Chet Holmgren's Lisfranc Injury: From the View of Foot and Ankle Surgeon
SI.com interviews HSS foot and ankle surgeon David S. Levine, MD, to shed light on the typical prognosis and recovery from a Lisfranc injury, in wake of Oklahoma City Thunder NBA player Chet Holmgren's foot surgery.
According to Dr. Levine, who did not treat Holmgren, “A Lisfranc injury is a sprain (tear) of the ligaments that tightly hold the multiple Midfoot bones together. Normally, the Midfoot is a stable, immobile part of the foot when compared to the mobile/flexible Hindfoot (Ankle) or the Forefoot (ball of the foot/toes). If this injury is a minor/low-grade sprain, the Midfoot remains stable and surgery is not necessary. However, when the injury is a high-grade sprain, the stability of the Midfoot has been compromised. These injuries do not do well left alone and surgical treatment is necessary to restore the normal Midfoot stability.”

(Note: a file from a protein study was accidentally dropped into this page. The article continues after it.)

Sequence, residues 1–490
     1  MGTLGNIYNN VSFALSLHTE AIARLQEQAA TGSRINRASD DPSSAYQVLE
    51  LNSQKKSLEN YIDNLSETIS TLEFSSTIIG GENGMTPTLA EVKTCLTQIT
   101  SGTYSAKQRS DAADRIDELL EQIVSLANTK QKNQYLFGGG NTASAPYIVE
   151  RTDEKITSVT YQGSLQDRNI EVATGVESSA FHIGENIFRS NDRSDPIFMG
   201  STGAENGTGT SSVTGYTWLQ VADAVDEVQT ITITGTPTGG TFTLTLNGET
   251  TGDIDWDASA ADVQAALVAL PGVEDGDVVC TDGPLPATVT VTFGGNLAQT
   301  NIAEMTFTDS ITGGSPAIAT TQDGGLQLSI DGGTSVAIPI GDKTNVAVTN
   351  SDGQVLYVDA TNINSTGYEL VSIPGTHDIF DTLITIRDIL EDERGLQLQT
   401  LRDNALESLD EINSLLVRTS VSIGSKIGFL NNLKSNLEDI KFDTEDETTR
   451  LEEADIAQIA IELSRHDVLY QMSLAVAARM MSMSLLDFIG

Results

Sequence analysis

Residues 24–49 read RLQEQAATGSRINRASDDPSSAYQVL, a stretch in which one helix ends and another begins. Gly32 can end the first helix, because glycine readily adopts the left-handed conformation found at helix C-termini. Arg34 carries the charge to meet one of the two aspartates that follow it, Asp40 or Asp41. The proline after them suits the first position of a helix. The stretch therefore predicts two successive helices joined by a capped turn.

He explained, “While there are still those Lisfranc injuries that occur in car accidents and falls from a height, more and more these injuries are seen in sports. Classically, an athlete is running, jumping, leaping or landing and comes down ‘awkwardly’ (on someone else’s foot, for example). The Midfoot ‘buckles’ tearing the Lisfranc ligaments. The result in an ‘unstable’ Midfoot which is painful and unable to bear weight.”
Dr. Levine added, “The risk to future performance is the development of arthritis in the Midfoot. Midfoot arthritis causes pain and an inability to efficiently transmit power from the muscles of the leg to the ball of the foot for push-off. This can manifest as a negative impact on quickness. The result could be less effectiveness on offense or defense or both.”
Read the full article at SI.com.